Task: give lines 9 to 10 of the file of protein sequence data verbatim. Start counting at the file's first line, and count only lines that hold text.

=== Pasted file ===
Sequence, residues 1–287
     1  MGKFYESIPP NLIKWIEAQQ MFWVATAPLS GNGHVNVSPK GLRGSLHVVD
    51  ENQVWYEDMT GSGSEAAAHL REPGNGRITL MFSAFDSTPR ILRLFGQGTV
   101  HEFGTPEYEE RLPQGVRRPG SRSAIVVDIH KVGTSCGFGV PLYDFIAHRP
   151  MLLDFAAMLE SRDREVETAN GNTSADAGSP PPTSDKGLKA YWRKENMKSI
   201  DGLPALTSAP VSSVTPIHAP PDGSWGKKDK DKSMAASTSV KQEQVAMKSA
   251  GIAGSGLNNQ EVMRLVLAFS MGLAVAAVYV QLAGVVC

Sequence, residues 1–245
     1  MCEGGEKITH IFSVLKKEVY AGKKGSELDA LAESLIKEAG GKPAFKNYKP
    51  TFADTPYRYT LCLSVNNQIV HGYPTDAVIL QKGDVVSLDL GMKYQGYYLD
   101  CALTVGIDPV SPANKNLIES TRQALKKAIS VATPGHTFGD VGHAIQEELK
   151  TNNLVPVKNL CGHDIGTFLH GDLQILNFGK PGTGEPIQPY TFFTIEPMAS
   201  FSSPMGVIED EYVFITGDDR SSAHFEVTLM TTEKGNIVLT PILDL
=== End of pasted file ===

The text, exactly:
     1  MCEGGEKITH IFSVLKKEVY AGKKGSELDA LAESLIKEAG GKPAFKNYKP
    51  TFADTPYRYT LCLSVNNQIV HGYPTDAVIL QKGDVVSLDL GMKYQGYYLD